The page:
Brazilian women demonstrate against coup

This video says about itself:

Rousseff’s supporters rally in Brazil

3 June 2016

During the demonstration called Women’s March for Democracy, the protesters chanted slogans in support of Rousseff. They denounced the impeachment process which unseated her as a coup. The protesters also claimed that Rousseff’s conservative successor, interim President Michel Temer, does NOT have a popular mandate. Also present at the rally was Rousseff herself who lashed out at those who voted her out of office.

By James Tweedie:

Brazil: Thousands of women rally for democracy

Saturday 4th June 2016

THOUSANDS of “Women for Democracy” protesters rallied behind Brazilian President Dilma Rousseff on Thursday and condemned the “soft coup” against her.

Under the slogan: “Putschists shall not pass,” some 5,000 women marched through Rio de Janeiro in opposition to the interim government of acting President Michel Temer.

Mr Temer, who leads the Brazilian Democratic Movement Party (PMDB) and was vice-president in Ms Rousseff’s coalition, took power last month after congress voted to suspend the elected president over allegations that she had improperly increased social spending in the year before the 2014 election.

Her Workers Party called the suspension a legislative coup.

Addressing the crowd, Ms Rousseff said: “A process of soft coup or gentle coup has a characteristic: the putschists hate to be called putschists.”

She reiterated criticism of Mr Temer’s appointment of an all-male, all-white cabinet, saying: “A government of old and white men does not represent the diversity of our population.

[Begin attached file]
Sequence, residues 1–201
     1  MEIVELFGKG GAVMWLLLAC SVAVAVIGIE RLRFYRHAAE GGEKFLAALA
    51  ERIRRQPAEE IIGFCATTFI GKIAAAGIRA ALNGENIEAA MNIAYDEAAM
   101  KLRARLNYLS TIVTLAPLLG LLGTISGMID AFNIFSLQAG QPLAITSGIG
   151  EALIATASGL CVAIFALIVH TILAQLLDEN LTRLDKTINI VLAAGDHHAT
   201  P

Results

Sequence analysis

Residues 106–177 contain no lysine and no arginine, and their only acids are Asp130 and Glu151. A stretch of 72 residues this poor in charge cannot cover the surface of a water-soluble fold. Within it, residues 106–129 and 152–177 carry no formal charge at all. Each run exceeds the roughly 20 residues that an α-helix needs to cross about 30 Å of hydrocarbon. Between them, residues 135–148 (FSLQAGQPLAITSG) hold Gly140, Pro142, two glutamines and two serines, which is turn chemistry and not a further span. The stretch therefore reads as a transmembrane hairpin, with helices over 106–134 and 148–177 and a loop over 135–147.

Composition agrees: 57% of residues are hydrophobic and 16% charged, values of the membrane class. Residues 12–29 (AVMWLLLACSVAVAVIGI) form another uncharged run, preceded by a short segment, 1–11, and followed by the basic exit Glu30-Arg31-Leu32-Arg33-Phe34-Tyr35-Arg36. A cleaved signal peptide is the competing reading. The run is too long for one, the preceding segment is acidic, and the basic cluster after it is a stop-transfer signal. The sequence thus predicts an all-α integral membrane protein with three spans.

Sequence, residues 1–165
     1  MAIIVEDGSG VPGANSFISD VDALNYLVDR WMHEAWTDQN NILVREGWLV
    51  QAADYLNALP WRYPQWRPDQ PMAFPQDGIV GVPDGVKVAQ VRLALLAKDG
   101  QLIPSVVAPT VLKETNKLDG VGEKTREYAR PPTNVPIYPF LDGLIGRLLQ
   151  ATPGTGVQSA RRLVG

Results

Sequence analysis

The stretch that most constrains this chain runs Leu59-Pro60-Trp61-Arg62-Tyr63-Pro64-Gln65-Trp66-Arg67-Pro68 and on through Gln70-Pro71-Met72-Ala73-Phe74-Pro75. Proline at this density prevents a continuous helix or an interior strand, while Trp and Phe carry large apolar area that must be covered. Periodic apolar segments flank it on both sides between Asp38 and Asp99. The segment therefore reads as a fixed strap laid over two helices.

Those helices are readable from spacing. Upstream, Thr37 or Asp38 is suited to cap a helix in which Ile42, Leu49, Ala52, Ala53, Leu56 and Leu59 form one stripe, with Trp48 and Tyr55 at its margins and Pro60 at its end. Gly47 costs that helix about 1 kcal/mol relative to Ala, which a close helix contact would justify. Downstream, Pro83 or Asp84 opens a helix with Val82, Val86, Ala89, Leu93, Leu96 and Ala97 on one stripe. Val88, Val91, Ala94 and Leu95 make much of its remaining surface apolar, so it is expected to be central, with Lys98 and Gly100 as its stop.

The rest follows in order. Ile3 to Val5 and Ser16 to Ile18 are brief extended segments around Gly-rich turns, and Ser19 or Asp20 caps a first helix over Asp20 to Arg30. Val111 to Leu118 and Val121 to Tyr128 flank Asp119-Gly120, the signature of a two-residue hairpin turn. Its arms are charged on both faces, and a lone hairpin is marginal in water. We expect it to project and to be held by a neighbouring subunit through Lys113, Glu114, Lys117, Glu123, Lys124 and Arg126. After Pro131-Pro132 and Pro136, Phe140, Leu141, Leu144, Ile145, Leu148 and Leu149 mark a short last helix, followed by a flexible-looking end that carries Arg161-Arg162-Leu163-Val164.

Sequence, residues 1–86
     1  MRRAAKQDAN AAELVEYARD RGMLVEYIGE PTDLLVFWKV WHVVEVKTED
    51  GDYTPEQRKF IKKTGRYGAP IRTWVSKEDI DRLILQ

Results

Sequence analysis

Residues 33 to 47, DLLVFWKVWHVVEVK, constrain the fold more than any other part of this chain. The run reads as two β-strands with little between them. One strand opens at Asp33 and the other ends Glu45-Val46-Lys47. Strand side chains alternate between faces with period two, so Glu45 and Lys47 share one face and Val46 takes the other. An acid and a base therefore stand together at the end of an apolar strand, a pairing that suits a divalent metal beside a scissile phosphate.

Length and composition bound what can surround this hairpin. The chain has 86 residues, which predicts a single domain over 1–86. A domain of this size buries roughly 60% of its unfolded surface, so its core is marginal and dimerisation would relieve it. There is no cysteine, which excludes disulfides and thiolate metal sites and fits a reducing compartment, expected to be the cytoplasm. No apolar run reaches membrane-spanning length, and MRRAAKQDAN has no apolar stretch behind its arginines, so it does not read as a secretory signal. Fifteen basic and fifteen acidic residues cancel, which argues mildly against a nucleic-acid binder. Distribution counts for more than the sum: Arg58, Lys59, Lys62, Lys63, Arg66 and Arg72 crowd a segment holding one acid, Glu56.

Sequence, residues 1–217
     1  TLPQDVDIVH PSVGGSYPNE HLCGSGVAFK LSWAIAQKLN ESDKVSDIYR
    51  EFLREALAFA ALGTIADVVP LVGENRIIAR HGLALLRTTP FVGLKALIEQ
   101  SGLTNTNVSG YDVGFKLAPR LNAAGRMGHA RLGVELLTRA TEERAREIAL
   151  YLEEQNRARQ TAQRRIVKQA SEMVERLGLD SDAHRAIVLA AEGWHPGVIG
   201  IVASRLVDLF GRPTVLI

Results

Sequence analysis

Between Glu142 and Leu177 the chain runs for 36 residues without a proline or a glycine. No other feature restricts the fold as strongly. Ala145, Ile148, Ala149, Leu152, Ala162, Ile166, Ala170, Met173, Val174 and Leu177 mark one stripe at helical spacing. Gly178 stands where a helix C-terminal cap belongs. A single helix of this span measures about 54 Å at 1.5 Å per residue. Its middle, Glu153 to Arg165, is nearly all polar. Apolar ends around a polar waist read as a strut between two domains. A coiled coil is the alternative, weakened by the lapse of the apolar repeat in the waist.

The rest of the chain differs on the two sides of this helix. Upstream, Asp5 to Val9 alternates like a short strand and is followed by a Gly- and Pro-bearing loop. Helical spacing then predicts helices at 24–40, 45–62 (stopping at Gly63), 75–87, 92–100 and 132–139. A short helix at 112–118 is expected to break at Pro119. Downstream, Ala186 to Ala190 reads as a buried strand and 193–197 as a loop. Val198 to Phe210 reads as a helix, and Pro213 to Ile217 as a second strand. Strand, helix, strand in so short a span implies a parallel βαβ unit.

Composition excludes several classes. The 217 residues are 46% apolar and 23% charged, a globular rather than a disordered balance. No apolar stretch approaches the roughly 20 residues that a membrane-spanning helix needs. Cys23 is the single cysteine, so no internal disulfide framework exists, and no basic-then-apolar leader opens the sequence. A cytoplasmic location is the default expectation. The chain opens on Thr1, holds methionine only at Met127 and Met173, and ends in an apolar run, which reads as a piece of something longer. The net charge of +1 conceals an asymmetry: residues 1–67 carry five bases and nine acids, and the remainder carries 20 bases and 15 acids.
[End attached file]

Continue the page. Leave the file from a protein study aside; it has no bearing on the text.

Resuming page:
“They’re trying to destroy democracy,” she added. “What unites us here is the democracy of our country, which was won through much struggle.

“We know that what happened was a coup and now things will become increasingly clear,” Ms Rousseff continued.

“The main reason for the coup against me was to prevent the battle against corruption from getting to them.”

On Wednesday, the president’s lawyer Jose Eduardo Cardozo launched her defence against impeachment before the Brazilian senate, arguing that the true motive for the coup was to scupper the “Operation Car Wash” probe into massive bribery at state oil firm Petrobras.

Several PMDB members and allies — including lower-house speaker Eduardo Cunha, who led the charge against Ms Rousseff — have been implicated in the investigation.

Two ministers in Mr Temer’s new cabinet have been forced to resign in as many weeks after taped conversations of them discussing how to get suspects off the hook were leaked to the media.

Cracks are now showing in the anti-Workers Party front. Three senators who voted for Ms Rousseff’s suspension — Acir Gurgacz, Cristovam Buarque and former footballer Romario de Souza — have all recently said they regretted their decision to back the impeachment proceedings.

Michel Temer Continues to Put Women’s Rights at Risk in Brazil: here.

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